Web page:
Date: February 24, 2017
Source: University of Freiburg
The masquerade is almost perfect. Certain moths of the subfamily Arctiinae are marked with a yellow and black pattern. But these day-active insects have wasp waists and their antennae resemble those of wasps. Their transparent wings are folded in a wasp-like way. For more than 150 years there has been a plausible explanation for this type of imitation, which is commonly known as mimicry. It says that the moths -- just like many hoverflies and other insects -- imitate wasps in order to protect themselves from birds and other hostile predators. According to textbook wisdom, these voracious foes have learned from painful experience.
They have been stung by wasps and since then have avoided any animal that looks like one. In the scientific journal Ecology and Evolution, a University of Freiburg biologist, Prof. Dr. Michael Boppré and his team have now presented an additional hypothesis that goes beyond this traditional view. Their interpretation is that, above all, the moths' appearance deceives the very wasps they are mimicking.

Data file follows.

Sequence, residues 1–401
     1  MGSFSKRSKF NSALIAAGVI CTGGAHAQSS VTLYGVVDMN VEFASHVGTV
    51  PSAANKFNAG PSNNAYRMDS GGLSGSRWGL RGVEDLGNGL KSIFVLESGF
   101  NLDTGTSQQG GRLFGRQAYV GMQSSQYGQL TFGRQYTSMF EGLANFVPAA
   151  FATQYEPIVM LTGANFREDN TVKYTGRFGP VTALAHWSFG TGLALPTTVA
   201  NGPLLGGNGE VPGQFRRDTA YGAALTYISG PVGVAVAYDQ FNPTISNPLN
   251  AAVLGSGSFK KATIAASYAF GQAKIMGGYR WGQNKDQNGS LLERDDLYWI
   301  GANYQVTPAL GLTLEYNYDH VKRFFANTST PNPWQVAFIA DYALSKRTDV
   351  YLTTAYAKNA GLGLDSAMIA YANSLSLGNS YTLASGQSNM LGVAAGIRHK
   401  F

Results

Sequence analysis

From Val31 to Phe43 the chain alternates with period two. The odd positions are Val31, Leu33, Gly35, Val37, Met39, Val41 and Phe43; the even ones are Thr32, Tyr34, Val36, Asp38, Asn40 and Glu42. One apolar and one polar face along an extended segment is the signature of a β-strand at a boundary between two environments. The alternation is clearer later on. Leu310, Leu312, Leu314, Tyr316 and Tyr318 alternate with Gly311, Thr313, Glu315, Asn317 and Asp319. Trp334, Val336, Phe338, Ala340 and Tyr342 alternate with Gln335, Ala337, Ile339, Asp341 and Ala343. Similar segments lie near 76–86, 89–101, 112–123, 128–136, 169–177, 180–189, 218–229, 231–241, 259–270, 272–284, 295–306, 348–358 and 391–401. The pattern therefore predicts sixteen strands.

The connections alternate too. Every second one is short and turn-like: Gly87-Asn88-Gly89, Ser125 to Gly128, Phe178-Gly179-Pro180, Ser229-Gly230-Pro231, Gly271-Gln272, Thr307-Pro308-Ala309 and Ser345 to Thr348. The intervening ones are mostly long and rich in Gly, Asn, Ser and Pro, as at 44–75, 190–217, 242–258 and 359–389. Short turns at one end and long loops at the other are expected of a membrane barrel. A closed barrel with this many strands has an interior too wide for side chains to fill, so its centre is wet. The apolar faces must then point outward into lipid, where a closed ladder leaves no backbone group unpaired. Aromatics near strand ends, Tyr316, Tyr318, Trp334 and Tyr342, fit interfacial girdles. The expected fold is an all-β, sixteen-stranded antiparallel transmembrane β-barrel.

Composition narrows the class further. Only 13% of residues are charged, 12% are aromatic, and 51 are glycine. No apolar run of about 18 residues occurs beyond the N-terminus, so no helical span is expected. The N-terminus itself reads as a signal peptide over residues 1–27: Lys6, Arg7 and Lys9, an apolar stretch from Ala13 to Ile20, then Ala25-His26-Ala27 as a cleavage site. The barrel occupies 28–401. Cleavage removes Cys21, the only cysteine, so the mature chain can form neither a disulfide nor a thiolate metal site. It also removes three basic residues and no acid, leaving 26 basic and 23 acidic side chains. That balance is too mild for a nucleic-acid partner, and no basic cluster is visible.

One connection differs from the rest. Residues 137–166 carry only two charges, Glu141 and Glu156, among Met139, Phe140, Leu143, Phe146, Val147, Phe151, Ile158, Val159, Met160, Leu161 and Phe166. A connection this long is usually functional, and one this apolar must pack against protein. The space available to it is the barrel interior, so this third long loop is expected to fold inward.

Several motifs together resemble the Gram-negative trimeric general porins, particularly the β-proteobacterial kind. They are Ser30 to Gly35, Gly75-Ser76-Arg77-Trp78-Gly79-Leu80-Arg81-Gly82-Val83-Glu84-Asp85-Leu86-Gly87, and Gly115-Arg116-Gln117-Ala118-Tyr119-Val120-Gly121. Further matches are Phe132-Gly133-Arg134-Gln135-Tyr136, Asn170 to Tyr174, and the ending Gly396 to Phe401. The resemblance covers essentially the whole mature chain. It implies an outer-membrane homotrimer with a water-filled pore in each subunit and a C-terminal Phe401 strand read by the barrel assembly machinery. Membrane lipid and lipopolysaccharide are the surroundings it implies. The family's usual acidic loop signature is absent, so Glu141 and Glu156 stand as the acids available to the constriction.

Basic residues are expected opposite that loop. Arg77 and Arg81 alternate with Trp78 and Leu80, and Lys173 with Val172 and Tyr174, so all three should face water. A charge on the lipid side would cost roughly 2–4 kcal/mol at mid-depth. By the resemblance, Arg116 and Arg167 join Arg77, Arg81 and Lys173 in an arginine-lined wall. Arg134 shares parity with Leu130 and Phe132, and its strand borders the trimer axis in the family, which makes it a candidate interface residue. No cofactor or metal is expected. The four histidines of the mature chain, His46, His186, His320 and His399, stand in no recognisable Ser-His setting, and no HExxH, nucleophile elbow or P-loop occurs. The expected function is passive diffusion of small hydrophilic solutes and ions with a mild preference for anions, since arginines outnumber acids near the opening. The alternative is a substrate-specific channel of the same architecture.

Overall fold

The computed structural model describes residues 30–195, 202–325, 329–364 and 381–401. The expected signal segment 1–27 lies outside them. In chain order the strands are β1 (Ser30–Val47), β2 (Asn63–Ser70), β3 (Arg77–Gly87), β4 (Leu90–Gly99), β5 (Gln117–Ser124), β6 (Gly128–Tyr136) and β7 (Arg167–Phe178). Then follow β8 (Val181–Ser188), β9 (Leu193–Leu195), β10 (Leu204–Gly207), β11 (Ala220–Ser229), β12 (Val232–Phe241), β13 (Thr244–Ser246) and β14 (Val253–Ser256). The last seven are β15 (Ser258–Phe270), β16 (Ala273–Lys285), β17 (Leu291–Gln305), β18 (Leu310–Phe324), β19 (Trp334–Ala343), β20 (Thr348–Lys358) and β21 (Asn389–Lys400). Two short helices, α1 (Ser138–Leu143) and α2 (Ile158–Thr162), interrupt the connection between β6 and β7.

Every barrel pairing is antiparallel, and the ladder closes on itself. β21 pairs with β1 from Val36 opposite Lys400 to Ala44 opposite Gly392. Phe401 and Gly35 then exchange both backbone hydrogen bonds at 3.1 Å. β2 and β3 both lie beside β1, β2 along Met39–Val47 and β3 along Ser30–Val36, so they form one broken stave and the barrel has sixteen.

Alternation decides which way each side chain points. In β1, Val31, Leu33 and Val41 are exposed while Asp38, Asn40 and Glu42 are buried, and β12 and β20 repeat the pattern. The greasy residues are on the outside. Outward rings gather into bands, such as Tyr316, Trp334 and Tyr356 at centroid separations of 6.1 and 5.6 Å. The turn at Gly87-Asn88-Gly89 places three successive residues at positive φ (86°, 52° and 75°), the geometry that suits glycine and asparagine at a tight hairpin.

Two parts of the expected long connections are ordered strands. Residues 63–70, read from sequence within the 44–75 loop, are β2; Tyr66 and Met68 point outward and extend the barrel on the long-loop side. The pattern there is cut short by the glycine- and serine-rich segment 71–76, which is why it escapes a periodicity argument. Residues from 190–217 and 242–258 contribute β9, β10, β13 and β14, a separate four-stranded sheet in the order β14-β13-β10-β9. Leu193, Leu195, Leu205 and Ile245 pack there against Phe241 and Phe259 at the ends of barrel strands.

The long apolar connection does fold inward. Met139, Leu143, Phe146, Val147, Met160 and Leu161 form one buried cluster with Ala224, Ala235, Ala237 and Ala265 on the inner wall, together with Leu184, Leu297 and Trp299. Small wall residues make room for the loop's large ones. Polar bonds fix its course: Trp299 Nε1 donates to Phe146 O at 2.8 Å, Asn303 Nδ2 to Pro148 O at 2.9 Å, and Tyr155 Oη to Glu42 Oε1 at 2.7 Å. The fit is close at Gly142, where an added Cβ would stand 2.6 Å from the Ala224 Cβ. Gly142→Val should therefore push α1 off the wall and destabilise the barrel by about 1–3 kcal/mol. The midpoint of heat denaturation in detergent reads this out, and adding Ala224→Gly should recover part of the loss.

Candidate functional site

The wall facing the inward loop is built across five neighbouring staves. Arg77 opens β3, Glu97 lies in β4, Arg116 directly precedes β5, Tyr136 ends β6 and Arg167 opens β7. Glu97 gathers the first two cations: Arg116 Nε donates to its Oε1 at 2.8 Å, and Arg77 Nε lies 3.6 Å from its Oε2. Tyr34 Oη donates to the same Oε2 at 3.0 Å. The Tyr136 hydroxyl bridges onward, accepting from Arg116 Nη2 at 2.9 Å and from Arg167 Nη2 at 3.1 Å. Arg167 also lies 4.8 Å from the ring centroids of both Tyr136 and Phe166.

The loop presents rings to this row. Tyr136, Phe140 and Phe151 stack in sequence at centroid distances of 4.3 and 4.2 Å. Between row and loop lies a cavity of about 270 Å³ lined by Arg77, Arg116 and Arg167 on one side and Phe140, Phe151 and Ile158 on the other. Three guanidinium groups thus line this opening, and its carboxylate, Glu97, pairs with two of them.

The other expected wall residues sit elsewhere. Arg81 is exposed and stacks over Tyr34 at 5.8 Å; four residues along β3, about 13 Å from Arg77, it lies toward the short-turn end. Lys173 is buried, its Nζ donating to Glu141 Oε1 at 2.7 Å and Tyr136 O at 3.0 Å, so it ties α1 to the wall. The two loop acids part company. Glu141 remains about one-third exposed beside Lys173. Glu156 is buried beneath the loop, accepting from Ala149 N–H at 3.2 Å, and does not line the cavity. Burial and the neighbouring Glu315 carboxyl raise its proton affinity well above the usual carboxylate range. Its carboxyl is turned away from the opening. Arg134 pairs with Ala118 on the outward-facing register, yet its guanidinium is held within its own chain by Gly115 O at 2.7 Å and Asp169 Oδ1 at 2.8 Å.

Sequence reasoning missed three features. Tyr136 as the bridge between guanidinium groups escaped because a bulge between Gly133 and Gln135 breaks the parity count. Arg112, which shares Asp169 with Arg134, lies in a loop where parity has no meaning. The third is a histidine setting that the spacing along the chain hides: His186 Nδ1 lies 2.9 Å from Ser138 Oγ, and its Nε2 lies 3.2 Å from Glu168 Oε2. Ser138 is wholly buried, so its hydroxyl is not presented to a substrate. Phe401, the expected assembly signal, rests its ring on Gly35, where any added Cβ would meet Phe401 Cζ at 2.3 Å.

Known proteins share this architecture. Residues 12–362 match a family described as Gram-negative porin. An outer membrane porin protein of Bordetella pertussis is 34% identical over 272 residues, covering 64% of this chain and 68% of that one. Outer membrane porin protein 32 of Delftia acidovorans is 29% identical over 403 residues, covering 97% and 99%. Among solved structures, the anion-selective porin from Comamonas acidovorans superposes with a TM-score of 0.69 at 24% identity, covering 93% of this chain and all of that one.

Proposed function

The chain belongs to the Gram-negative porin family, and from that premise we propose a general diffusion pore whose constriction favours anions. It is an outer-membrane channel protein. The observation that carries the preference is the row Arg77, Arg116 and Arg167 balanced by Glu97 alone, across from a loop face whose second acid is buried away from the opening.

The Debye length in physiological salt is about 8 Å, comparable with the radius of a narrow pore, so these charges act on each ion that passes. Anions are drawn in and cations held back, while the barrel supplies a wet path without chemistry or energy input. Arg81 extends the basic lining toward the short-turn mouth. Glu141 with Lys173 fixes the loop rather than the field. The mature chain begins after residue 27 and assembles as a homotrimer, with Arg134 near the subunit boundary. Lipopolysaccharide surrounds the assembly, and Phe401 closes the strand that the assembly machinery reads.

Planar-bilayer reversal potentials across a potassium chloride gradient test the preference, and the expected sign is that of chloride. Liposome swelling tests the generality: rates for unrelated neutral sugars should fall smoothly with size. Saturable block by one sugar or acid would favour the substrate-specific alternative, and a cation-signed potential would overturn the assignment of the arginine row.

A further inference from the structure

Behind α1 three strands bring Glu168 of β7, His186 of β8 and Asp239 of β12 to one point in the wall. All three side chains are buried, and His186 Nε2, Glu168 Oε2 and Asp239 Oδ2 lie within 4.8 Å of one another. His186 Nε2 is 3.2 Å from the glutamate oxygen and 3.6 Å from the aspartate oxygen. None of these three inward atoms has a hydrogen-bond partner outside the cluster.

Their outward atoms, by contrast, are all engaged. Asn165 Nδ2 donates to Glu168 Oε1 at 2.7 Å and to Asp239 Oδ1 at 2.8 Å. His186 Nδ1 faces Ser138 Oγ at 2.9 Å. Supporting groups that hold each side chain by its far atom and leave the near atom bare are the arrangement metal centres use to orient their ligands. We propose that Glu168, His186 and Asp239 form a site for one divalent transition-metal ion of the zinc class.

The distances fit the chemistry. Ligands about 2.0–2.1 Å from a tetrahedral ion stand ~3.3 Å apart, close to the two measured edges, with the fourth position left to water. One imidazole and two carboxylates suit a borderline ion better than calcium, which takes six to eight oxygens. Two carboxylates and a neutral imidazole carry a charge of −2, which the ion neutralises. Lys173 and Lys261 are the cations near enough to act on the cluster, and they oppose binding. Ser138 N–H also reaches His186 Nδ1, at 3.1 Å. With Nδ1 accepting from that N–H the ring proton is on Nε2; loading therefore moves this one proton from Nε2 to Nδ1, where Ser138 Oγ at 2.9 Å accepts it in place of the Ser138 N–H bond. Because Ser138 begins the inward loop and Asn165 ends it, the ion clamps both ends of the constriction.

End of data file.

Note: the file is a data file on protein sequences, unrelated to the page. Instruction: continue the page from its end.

As a rule, insects developing imperfect similarity to wasps is enough to keep learning predators at a distance. Yet the Arctiinae that Boppré observed during his biodiversity studies in South and Central America are different. The biologist says, "Especially when they are in flight, even for the trained eye it's nearly impossible to tell apart the examples from the mimics." That led Boppré to question why these Arctiinae have evolved this near-perfect imitation and what creatures they are trying to deceive. He says, "The answer -- wasps -- is stunningly simple." Wasps hunt other insects as food for their larvae. Yet wasps do not attack each other, even when they are out on hunting flights they do not differentiate the wasps they encounter as originating from their own or other nests. The moths, therefore, are imitating the wasps so that these predators will perceive them as members of the same species and not attack for that reason.